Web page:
There then follows a series of events as Bishop escapes from the asylum and continues his killings and the characters do a lot of research at the Arkham Historical Society. They figure his plans quite quickly and Morris realizes that Atwater has actually been body swapped. As Violet, Morris visits Atwater and calls him by his real name; the man is still mad from his experiences, but will start to recover (albeit slowly) now that someone has recognized who he actually is. Violet feels sorry for the student because she knows almost exactly how he feels. The group is too late to stop the first death, an old woman who is beaten to death with a fireside poker; Bishop then uses the same item to carve the numeral 1 in her forehead. 

However, the group has pieced together the so-called Sign of Barzai that was used to paralyze the sorcerer. They also find the location of Bishop's house and get the police to surround it while they go inside. The plan is to surprise him and use the Sign on him. They are somewhat surprised when Bishop emerges from somewhere secret inside his old house but manage to capture him; basically he surrenders when he sees all those firearms pointing at him. In this body he is not immortal.

This creates a moral dilemma for the characters. To the outside world, it seems as though they have captured the mad murderer Henry Atwater when in fact they are holding the old magician Bishop in Atwater's body. In the meantime, the student is alive in Bishop's immortal body. Cue a long discussion about what to do. They have a Mythos tome that Bishop was looking for, courtesy of one of the old families Bishop was trying to attack - basically, it's his book from all that time long ago and contains the ritual he used to achieve immortality. Technically, they could use this book to summon the strange entity that conferred immortality on Bishop so that it can take his soul, but that would mean a dangerous ritual followed by seeing whatever that thing is, which would not be too good on one's sanity. Instead, they decide to keep Bishop paralyzed. He will be executed for double murder, which he certainly deserves, and also provides  a way out for them. This way he gets what is coming to him, but they don't have to deal with a powerful and unpredictable Mythos entity. Atwater, who will eventually recover in Bishop's body, is given over to the Gorgon Sisters at the FBI and they say they'll take care of it. There should be some way for them to transfer Atwater back into his old body after Bishop has been killed.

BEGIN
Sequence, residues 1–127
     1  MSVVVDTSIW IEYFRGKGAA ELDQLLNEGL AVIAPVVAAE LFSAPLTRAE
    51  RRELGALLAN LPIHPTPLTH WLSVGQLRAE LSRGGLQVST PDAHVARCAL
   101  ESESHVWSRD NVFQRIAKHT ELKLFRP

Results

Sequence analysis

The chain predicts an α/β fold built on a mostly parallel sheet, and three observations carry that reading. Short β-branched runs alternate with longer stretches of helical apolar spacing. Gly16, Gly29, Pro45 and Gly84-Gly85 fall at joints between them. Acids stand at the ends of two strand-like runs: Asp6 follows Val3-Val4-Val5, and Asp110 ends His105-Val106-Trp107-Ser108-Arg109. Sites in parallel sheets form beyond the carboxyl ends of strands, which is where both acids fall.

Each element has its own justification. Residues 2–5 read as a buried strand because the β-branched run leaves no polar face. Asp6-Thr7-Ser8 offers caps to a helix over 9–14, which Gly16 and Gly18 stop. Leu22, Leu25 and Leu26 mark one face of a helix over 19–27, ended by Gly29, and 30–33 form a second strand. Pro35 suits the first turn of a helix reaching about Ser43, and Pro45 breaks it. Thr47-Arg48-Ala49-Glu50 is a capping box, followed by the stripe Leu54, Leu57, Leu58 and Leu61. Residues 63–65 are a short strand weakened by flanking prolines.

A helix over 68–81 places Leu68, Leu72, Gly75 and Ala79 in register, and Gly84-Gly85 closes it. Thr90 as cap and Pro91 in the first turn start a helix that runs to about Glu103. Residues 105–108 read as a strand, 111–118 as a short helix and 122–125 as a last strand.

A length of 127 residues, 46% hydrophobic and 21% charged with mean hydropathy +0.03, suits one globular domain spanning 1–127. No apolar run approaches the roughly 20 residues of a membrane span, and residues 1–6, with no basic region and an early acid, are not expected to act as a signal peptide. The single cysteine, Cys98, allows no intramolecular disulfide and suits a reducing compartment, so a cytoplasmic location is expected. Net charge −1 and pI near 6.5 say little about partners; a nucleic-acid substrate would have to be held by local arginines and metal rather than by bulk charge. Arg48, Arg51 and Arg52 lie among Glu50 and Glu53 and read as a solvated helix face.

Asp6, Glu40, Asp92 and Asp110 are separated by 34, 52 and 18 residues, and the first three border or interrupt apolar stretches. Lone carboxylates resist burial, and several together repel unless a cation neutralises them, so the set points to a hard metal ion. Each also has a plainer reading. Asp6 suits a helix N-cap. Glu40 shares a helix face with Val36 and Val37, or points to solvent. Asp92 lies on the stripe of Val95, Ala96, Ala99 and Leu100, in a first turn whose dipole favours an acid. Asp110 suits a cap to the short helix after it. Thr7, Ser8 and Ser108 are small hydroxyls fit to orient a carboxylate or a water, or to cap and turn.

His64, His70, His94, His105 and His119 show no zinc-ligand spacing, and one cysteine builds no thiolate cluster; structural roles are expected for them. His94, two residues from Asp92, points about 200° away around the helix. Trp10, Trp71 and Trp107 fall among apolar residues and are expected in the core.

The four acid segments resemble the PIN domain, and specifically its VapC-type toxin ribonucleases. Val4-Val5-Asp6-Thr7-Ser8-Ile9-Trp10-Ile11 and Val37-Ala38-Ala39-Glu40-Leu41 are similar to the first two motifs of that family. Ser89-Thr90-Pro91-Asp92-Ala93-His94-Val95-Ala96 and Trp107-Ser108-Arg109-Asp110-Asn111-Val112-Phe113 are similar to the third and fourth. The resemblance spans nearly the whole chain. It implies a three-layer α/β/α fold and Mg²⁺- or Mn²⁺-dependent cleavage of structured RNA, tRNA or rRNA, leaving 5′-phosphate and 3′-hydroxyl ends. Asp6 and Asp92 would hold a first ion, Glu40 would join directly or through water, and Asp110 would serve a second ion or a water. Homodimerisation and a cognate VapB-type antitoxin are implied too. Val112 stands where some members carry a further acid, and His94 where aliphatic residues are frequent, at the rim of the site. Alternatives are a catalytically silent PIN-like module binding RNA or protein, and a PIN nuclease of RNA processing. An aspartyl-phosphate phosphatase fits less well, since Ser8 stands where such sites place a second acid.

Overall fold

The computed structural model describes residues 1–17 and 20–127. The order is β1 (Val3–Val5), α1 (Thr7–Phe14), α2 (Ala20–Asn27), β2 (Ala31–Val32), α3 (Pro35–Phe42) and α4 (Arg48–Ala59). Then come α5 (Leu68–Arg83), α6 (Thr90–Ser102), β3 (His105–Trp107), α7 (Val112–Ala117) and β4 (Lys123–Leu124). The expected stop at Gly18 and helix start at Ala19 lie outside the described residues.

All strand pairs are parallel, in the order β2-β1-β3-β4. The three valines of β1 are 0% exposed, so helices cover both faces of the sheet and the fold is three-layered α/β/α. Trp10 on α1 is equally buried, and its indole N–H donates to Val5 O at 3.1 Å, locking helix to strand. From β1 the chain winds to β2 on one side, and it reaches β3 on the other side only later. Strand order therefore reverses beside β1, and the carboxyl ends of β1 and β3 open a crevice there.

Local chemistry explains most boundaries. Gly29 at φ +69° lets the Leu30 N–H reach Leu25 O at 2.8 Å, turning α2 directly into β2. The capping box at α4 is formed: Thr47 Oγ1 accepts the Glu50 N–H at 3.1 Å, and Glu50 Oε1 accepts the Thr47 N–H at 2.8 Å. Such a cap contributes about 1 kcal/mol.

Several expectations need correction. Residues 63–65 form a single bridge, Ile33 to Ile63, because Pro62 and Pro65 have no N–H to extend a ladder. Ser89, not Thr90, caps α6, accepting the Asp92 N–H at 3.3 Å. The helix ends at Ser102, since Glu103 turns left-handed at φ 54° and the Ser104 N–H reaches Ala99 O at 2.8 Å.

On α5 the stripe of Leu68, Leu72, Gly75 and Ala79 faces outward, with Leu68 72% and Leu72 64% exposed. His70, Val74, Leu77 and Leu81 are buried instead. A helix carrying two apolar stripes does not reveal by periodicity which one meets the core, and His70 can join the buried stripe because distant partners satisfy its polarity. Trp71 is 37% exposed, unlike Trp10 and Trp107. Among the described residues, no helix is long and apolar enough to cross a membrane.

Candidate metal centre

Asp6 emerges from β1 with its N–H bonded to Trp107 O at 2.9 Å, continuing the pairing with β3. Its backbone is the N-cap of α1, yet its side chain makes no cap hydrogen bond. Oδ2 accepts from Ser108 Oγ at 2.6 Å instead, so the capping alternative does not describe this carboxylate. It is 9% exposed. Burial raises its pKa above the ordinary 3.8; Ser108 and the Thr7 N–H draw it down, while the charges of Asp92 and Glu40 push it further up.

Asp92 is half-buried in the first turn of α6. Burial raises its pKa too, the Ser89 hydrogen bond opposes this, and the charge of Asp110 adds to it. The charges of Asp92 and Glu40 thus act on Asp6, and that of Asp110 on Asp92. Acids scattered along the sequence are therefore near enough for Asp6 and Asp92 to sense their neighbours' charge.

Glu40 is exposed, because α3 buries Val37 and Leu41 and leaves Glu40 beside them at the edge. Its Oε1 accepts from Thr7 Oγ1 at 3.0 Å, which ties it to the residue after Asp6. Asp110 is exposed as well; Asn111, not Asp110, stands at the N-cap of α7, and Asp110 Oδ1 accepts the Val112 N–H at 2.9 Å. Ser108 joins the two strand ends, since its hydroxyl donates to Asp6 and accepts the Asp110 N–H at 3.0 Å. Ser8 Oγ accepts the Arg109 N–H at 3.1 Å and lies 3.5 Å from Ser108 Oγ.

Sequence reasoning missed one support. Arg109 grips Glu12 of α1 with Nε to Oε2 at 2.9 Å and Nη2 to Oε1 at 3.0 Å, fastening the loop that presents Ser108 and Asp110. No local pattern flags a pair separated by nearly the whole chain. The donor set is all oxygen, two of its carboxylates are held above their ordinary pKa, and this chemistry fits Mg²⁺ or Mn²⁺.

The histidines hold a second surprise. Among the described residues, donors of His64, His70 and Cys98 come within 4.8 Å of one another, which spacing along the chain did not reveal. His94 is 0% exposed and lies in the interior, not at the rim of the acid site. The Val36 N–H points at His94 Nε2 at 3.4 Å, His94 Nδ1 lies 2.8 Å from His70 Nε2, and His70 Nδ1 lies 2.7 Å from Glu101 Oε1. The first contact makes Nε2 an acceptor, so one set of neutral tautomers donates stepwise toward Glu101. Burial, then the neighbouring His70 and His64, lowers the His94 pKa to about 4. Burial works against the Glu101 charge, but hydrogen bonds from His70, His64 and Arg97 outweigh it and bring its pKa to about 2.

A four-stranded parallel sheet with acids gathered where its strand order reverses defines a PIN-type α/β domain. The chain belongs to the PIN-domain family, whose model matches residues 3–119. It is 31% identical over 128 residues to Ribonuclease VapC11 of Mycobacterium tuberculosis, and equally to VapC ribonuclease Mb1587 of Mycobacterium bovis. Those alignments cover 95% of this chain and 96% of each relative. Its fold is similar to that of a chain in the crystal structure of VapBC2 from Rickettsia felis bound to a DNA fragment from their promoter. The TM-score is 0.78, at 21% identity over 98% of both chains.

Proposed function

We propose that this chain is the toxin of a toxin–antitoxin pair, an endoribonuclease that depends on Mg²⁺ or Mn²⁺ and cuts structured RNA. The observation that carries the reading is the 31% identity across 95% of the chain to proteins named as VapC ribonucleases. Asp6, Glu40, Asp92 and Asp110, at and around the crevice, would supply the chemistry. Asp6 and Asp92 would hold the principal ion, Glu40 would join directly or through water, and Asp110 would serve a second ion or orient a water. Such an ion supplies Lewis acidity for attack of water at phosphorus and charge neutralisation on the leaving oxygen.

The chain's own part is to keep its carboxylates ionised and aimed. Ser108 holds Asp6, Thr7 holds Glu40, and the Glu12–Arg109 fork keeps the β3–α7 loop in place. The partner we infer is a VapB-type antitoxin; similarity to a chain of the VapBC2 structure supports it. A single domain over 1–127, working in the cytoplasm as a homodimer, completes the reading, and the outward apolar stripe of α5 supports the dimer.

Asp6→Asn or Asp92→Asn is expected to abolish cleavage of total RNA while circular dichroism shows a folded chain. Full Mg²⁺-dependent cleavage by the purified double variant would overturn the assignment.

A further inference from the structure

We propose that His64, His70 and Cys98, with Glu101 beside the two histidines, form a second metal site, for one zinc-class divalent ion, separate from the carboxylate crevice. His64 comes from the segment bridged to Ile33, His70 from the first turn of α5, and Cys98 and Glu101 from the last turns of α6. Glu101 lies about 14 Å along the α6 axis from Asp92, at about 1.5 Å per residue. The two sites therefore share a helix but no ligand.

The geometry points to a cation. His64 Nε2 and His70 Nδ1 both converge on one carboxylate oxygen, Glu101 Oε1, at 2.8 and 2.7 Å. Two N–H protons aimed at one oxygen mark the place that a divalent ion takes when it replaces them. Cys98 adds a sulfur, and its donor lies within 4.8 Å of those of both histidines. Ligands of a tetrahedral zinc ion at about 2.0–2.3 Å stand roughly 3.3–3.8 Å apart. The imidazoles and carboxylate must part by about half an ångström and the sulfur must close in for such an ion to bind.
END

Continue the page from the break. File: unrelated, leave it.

The characters then go off to investigate the secrets of Bishop's house. They find a hidden tunnel that leads to the Miskatonic River and also links up with another tunnel from an old farmhouse which, according to records, belonged to Bishop and his partner in magic, one Simon Rousell. Here they find a secret alchemical laboratory, long since trashed and emptied, apart from the remains of an experiment in a cellar:

It looks like two intermingled bodies, both completely mindless, one of which has been eating their own slowly regenerating flesh for one hundred years. They don't know how to destroy this thing, so they head off to consult Henry Armitage.